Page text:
OR 3, a black Imnaha wolf that had not been seen or heard from since 2011, has reappeared in Klamath County. This older brother of OR 7 may be paired with OR 28, a radio-collared female from the Mount Emily Pack. Her area of known wolf activity (ANWA) includes the Fort Rock and Silver Lake management until of Klamath and Lake County. If they are a couple, there are likely pups.

The Keno wolves showed evidence of inhabiting their area during January, March, and August of 2015. ODFW lists no new information for 2016 for these wolves. They may have dispersed into northern California to form the state’s first pack in nearly a century.

The Shasta Pack, a family of seven all-black wolves (not counting this years pups), have the good fortune to live beneath and to the east of the majestic Mount Shasta. A June, 2016 update to the California Department of Fish and Wildlife website reports that both the female and male breeding animals of the Shasta pack are from the Imnaha wolves. It’s heartening to know that OR 4 and OR 2 are still living through the many offspring they produced.

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Shasta Pack pups

Northern California has a new resident, this one to Lassen County. A young male, grey coated wolf has been spotted on trail cameras in the area, meaning he is probably  not related to the black Shasta wolves. DNA tests of hair samples have not proven conclusive, but it’s likely this is another disperser from NE Oregon.

I am grateful to live in the area that is becoming a destination for so many wolves. And to have wonderful people like Amaroq Weiss, Wally Sykes, Pam and Randy Comeleo and Lilia Letsch to go hiking with in search of wolf sign. There are many folks hiking and camping in the wilds of the State of Jefferson, enjoying the opportunity to surround themselves with a nature that now includes wolves. As wolves are keystone predators, we can look forward to the positive effect they may have on the environment. And we can appreciate the chance we have, at long last, to live in a world that contains the presence of at least one more element of it’s natural state.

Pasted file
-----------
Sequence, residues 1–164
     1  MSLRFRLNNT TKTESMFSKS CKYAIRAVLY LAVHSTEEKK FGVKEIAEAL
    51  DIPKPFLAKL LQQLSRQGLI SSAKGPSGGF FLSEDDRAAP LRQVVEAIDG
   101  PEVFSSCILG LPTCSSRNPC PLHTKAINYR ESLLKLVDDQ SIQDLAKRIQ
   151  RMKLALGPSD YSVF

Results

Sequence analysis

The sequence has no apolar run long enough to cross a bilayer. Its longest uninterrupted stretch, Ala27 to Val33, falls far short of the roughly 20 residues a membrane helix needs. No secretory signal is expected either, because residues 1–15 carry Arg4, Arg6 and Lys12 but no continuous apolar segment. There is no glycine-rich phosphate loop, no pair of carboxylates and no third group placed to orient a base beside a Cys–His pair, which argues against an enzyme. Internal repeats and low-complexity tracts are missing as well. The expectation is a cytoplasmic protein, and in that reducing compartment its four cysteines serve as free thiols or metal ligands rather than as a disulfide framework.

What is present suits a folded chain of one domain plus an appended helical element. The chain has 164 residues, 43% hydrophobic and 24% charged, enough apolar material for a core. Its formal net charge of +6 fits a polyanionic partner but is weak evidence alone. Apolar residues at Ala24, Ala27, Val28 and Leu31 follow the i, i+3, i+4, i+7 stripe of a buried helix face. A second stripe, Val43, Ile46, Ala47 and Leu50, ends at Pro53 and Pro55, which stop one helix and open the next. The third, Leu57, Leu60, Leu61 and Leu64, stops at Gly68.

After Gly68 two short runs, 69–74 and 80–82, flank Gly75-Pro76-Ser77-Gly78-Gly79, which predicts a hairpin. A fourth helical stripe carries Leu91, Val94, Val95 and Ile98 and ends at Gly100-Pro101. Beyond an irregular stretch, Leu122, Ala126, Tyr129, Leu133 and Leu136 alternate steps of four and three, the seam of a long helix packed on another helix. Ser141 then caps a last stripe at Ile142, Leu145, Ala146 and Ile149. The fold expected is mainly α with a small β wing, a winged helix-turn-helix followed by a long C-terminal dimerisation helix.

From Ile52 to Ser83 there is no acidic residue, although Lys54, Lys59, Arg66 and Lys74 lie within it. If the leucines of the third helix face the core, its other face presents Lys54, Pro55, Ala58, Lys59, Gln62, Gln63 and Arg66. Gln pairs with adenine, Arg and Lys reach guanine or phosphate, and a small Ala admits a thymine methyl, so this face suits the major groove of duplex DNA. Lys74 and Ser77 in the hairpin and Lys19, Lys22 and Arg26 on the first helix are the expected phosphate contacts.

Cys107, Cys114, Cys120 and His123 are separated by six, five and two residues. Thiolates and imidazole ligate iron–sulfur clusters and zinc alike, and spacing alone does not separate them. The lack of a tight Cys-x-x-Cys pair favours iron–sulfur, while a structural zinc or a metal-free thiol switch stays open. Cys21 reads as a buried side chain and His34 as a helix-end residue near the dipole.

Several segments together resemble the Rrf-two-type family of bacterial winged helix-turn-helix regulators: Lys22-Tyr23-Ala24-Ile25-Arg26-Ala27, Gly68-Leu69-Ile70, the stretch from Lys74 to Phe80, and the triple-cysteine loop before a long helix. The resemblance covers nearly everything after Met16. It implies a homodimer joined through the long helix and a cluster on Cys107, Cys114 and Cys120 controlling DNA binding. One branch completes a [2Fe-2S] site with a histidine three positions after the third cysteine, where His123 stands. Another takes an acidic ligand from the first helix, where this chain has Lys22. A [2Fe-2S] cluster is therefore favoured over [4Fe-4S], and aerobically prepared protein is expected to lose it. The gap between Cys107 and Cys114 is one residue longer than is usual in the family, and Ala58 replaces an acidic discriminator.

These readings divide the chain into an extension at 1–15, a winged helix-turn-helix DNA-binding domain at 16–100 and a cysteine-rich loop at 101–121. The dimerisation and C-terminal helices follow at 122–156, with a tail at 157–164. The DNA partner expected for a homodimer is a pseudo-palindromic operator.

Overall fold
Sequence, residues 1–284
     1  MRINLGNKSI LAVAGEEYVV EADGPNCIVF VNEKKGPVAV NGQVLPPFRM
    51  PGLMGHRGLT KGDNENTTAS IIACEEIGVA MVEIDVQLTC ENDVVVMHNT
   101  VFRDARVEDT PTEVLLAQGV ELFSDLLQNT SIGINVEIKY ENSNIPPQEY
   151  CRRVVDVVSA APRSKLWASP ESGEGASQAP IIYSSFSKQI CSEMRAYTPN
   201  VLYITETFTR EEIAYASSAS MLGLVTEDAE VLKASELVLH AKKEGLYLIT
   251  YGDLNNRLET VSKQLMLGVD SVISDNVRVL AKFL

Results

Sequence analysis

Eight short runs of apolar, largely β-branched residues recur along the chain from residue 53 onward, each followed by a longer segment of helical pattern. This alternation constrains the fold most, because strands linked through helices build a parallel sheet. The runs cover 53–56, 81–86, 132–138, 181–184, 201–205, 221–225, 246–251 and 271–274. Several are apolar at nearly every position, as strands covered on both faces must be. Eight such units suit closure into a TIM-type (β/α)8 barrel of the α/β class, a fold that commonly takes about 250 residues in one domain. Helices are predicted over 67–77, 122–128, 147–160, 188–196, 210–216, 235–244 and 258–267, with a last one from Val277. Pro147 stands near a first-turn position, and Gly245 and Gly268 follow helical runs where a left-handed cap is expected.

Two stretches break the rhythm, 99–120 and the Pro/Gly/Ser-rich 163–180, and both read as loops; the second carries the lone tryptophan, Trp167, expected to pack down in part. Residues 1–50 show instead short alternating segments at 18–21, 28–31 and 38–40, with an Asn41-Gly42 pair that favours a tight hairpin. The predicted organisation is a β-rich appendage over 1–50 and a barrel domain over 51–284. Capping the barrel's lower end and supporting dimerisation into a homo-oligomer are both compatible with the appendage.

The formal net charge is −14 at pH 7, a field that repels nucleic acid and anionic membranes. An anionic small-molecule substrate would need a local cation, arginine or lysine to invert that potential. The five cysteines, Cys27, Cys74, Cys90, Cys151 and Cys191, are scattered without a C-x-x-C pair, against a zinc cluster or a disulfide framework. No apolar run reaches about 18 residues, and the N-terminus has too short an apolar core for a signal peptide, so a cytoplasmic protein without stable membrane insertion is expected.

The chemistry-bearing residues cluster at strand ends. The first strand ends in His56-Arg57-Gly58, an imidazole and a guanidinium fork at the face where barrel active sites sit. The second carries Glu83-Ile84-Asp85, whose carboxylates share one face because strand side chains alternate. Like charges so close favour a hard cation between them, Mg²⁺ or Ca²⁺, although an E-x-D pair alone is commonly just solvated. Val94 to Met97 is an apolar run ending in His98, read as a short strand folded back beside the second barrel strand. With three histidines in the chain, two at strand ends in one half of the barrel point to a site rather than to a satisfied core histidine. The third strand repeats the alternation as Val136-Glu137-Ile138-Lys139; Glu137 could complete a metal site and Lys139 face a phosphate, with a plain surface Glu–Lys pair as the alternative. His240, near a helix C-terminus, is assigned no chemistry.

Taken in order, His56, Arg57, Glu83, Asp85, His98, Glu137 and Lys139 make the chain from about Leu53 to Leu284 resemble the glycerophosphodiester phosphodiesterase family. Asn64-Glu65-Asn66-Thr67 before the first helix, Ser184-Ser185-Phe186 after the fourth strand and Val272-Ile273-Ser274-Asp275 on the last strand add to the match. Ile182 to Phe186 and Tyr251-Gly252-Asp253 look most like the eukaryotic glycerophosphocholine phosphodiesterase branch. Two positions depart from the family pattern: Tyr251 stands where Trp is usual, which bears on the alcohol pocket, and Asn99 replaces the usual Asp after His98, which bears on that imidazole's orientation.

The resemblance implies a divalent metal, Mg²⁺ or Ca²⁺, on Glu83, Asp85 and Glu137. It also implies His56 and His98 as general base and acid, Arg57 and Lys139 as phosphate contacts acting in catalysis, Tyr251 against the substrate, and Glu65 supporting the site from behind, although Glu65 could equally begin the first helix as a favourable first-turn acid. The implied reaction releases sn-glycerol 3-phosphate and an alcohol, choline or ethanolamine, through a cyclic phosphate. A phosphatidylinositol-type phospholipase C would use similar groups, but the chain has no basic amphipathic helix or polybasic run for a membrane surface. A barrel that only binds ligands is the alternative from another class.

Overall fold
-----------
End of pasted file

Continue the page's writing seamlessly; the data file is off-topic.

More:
Thanks to ODFW, California Wolves (a blog you want to follow!) and the CDFW, for their help with this article.

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Remote camera photo of OR7 captured on 5/3/2014 in eastern Jackson County on USFS land. Photo courtesy of USFWS. Download high resolution image.

 

Journey in the Limelight

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If he only knew how many people thought about him, talked about him, read about him and watched movies made in his honor, Journey, our famous wandering wolf, would no doubt delve even deeper into the wilderness. Fortunately, he doesn’t know and his life continues as it should, without untoward interference by humans.

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This Wednesday, May 18 at 7 pm, the documentary entitled Wolf OR 7 Expedition will be shown in Ashland, Oregon at the Meese Auditorium at Southern Oregon University. You may have heard about this expedition. It’s the story of six adventures who followed the trail of Journey, all the way from his home in the far northeastern corner of Oregon to places he visited in northern California. After the film there will be a question and answer period emceed by Lilia Letsch. On the panel will be myself, Wally Sykes, wolf advocate with Northeast Oregon Ecosystems, and Joe Kreuzman of Coyote Trails School of Nature. KS Wild (Klamath-Siskiyou Wildlands Center) and SOU Outdoor Program are hosting the event. Tickets are $15. Please join us if you can!

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I am also happy to report that my book, Journey: The Wandering Wolf is (finally!) complete and will be out by the end of this summer. I started working on this project over three years ago and it has evolved into what I hope readers will agree is an educational and interesting portrayal of Journey’s life so far. The book is geared for middle to high school readers but is accessible for all ages. Enlisting the tool of narrative nonfiction, I’ve written the story in a personable yet accurate manner, including sections that are through the point of view of the wolf. There is information about the history of wolves in Oregon and elsewhere, how biologists study these animals, the importance of wildlife corridors to their movement, and what we can do to improve life for Canis lupus. Journey: The Wandering Wolf will be available in both hard and soft cover. I’ll keep you updated as the date approaches. Thanks to everyone who made this possible including those I interviewed and my patient and encouraging family and friends who read the text. I’m indebted to my sister Helen Hill and Rob Klavins of Oregon Wild for their help. And of course, thanks to Journey for creating this amazing story for all of us to learn from and enjoy.